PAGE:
Little more than a year ago, it seemed that the political career of Benjamin Netanyahu, Israel’s longest-serving leader, was all but over. Out of power, he was struggling to maintain relevance. State prosecutors had offered his lawyers a plea deal that would have let him avoid jail in his ongoing corruption trial, in exchange for leaving politics for seven years.
The negotiations fell through, the trial continues, and Mr. Netanyahu, who denies the corruption charges, instead ended last year as prime minister for the third time. It cemented his reputation as a magician who can escape any political straitjacket.
On Monday night, Mr. Netanyahu tried to pull off a similarly dexterous maneuver. After charging ahead for weeks with a deeply contentious judicial overhaul that has unpicked the seams of Israeli society, Mr. Netanyahu sought to find another escape hatch.
The overhaul will be delayed, he announced after a day of high-stakes protests, strikes and back-room negotiations — at least until after Parliament’s Passover recess, leaving open the possibility of a mediated compromise with the opposition. And his coalition of the far right and religious ultraconservatives will stagger on, at least until the next crisis.
Superficially, it appeared the kind of balancing act that Mr. Netanyahu has always excelled at. Except this one might turn out to be his toughest to achieve.
And it is a challenge that, like the social crisis that emerged in recent days, will consume and distract him from long-term priorities like strengthening Israel’s diplomatic ties with the Arab world and working with the United States to combat the threat of Iran’s nuclear program.
“He’s the magician who always pulls a rabbit out of his hat,” said Anshel Pfeffer, a Netanyahu biographer. “Now he’s finding it harder and harder to find any rabbits.”
Though secular, Mr. Netanyahu has for years maintained a fruitful political alliance with ultra-Orthodox Jewish parties. Though of European descent, he has long presented himself as a champion of Jews of Middle Eastern backgrounds. As a world leader, he established a warm relationship with Vladimir V. Putin of Russia, while sustaining Israel’s strong ties with the United States. And as a domestic politician, he often assembled coalition governments with parties to his right and to his left that he could play against each other.
Mr. Netanyahu ability to triangulate allowed him in 2020 to forge landmark diplomatic agreements — without ceding any land to the Palestinians — with three Arab countries that had long forsworn ties with Israel until the creation of a Palestinian state. He framed the first of those deals, with the United Arab Emirates, as a quid pro quo for suspending a plan to annex part of the occupied West Bank, a plan that some analysts questioned whether he had ever really intended to enact.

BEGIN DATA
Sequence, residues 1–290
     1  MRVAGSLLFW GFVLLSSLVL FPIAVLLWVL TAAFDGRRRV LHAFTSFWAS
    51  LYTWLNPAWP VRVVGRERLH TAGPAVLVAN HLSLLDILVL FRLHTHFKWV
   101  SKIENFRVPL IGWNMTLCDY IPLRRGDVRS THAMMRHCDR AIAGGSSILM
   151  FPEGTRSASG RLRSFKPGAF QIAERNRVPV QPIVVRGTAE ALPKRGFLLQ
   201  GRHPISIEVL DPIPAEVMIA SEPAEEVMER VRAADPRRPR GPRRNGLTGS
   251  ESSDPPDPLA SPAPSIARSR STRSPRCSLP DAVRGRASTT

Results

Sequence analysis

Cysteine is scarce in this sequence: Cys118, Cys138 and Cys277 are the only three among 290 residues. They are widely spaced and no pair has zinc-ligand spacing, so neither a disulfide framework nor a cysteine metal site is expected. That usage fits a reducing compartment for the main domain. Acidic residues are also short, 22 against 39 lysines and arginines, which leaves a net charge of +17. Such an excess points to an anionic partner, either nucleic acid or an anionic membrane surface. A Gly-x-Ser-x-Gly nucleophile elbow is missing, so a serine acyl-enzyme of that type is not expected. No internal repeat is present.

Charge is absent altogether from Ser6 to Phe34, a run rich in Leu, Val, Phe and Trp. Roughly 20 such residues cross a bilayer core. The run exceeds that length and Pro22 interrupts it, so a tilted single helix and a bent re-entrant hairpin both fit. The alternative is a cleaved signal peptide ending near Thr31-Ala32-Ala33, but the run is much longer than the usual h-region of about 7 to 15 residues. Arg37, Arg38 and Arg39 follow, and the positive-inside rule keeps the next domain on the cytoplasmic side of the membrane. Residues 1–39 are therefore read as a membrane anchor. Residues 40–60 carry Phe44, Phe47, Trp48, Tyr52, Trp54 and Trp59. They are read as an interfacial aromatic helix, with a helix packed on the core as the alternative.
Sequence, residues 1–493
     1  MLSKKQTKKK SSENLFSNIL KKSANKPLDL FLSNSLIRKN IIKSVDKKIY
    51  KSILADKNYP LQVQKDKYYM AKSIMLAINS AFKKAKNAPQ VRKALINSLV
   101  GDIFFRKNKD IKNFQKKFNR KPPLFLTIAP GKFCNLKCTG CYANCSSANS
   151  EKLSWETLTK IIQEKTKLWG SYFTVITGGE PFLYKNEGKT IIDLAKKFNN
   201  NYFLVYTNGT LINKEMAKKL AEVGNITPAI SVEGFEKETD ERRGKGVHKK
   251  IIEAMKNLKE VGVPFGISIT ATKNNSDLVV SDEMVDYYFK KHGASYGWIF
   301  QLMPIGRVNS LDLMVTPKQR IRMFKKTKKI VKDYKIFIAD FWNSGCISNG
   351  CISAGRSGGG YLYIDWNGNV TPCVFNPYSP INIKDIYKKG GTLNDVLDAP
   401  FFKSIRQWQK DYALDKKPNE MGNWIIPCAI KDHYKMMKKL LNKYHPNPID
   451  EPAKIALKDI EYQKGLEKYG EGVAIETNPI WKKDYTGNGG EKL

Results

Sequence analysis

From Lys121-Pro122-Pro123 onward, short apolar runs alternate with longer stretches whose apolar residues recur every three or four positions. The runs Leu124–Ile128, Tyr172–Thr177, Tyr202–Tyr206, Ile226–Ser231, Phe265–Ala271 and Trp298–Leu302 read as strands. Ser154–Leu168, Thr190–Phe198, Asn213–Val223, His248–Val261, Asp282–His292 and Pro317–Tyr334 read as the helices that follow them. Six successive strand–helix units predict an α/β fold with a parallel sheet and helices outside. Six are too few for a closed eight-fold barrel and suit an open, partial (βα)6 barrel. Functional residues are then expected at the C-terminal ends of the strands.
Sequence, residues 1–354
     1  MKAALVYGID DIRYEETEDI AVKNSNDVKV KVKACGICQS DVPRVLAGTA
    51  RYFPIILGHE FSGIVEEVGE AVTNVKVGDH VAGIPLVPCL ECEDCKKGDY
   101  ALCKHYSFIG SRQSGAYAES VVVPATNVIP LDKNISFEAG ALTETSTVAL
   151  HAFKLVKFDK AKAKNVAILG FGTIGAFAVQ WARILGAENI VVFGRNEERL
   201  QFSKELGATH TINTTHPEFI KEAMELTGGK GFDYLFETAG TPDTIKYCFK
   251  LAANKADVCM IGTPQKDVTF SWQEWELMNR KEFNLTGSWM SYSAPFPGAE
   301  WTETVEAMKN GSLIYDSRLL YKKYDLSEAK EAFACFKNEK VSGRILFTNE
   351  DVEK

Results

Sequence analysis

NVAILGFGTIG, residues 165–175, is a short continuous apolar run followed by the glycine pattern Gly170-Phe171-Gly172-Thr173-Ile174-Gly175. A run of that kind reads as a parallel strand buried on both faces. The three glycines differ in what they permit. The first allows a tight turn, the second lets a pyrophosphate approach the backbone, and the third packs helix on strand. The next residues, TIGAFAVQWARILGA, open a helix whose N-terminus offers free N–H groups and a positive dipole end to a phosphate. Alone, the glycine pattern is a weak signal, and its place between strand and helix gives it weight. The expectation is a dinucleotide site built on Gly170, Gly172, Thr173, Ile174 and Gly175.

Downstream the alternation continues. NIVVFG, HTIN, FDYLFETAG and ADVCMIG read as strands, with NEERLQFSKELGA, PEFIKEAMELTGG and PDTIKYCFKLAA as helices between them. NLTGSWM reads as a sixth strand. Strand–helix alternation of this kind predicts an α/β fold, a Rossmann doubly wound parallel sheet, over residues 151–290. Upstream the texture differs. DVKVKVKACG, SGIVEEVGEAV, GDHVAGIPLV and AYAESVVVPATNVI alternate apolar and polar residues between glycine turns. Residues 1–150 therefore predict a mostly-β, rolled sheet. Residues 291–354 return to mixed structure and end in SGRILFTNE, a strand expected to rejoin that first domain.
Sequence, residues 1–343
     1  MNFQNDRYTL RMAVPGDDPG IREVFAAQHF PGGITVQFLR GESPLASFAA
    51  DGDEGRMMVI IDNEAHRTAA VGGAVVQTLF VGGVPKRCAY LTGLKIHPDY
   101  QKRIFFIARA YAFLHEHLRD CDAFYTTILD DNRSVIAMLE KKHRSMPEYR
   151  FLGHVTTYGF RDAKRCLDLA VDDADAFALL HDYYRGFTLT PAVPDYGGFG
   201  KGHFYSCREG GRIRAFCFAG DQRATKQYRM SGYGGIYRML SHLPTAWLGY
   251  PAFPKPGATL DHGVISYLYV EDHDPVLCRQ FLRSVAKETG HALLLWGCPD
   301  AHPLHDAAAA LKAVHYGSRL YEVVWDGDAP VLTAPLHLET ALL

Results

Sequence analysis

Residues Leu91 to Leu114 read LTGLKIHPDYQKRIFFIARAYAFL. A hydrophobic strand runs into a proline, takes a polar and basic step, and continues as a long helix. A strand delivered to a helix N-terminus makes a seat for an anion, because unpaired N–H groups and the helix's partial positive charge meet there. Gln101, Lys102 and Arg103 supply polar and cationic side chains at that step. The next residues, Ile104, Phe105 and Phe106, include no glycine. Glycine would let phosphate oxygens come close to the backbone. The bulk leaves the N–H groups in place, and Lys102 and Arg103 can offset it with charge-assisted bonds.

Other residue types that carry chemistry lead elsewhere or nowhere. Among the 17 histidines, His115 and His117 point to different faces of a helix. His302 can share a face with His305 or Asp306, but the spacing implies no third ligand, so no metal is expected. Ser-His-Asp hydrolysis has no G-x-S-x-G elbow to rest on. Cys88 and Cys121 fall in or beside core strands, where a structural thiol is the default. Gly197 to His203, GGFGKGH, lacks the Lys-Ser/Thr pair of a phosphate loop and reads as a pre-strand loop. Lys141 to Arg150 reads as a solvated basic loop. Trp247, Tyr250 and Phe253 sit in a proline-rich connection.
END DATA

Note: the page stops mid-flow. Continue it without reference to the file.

The Judicial Crisis in Israel
His odds-defying skills allowed him to enter power for the first time in 1996, defeating Shimon Peres after overcoming a 20-point deficit in the polls. And his ability to bounce back returned him to power, first in 2009 and then again late last year, despite the corruption trial.
But there was a sense on Monday that, this time, Mr. Netanyahu had no easy exit ramp from the crisis in which he has enmeshed himself, his government and his country. He has bought himself some time. But in a zero-sum game between his opponents in the streets and his allies in power, that may only last so long.
If after the April recess Mr. Netanyahu waters down — let alone cancels — the judicial overhaul, he risks an irrevocable break with the far-right parties that give him a majority in Parliament.
If he gives in to them and plows ahead with the plan to weaken the Supreme Court’s independence and its ability to act as a check on the government, he risks deepening and prolonging a social crisis that has prompted strikes at hospitals, airports and schools, and set off unrest in the military.
“It’s a lose-lose situation,” Mr. Pfeffer said.
To many, Mr. Netanyahu has already lost something: his reputation as a safe pair of hands who prioritizes Israel’s stability and security.
Before re-entering office in December, he repeatedly told allies and journalists that he would remain a steadying influence, despite forming the most right-wing and religiously conservative coalition in the country’s history.